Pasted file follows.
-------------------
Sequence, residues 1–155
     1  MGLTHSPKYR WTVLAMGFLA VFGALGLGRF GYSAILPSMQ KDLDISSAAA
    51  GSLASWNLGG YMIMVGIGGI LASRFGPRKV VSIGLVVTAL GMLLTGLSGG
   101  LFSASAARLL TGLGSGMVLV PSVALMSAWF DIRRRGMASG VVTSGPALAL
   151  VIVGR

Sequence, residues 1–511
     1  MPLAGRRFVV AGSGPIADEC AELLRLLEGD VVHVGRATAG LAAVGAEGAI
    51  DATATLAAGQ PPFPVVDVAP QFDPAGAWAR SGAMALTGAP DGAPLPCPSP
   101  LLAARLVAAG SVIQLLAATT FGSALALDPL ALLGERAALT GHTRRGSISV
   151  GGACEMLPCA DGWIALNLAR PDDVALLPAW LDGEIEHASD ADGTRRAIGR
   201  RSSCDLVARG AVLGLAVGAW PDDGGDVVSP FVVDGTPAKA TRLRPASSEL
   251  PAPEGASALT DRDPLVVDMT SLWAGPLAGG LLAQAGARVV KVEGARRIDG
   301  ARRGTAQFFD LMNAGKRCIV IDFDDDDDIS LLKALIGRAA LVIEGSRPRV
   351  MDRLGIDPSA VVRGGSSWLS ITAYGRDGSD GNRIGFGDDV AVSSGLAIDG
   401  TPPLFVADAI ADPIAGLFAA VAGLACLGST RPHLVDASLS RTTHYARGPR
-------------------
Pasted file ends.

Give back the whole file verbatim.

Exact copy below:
Sequence, residues 1–155
     1  MGLTHSPKYR WTVLAMGFLA VFGALGLGRF GYSAILPSMQ KDLDISSAAA
    51  GSLASWNLGG YMIMVGIGGI LASRFGPRKV VSIGLVVTAL GMLLTGLSGG
   101  LFSASAARLL TGLGSGMVLV PSVALMSAWF DIRRRGMASG VVTSGPALAL
   151  VIVGR

Sequence, residues 1–511
     1  MPLAGRRFVV AGSGPIADEC AELLRLLEGD VVHVGRATAG LAAVGAEGAI
    51  DATATLAAGQ PPFPVVDVAP QFDPAGAWAR SGAMALTGAP DGAPLPCPSP
   101  LLAARLVAAG SVIQLLAATT FGSALALDPL ALLGERAALT GHTRRGSISV
   151  GGACEMLPCA DGWIALNLAR PDDVALLPAW LDGEIEHASD ADGTRRAIGR
   201  RSSCDLVARG AVLGLAVGAW PDDGGDVVSP FVVDGTPAKA TRLRPASSEL
   251  PAPEGASALT DRDPLVVDMT SLWAGPLAGG LLAQAGARVV KVEGARRIDG
   301  ARRGTAQFFD LMNAGKRCIV IDFDDDDDIS LLKALIGRAA LVIEGSRPRV
   351  MDRLGIDPSA VVRGGSSWLS ITAYGRDGSD GNRIGFGDDV AVSSGLAIDG
   401  TPPLFVADAI ADPIAGLFAA VAGLACLGST RPHLVDASLS RTTHYARGPR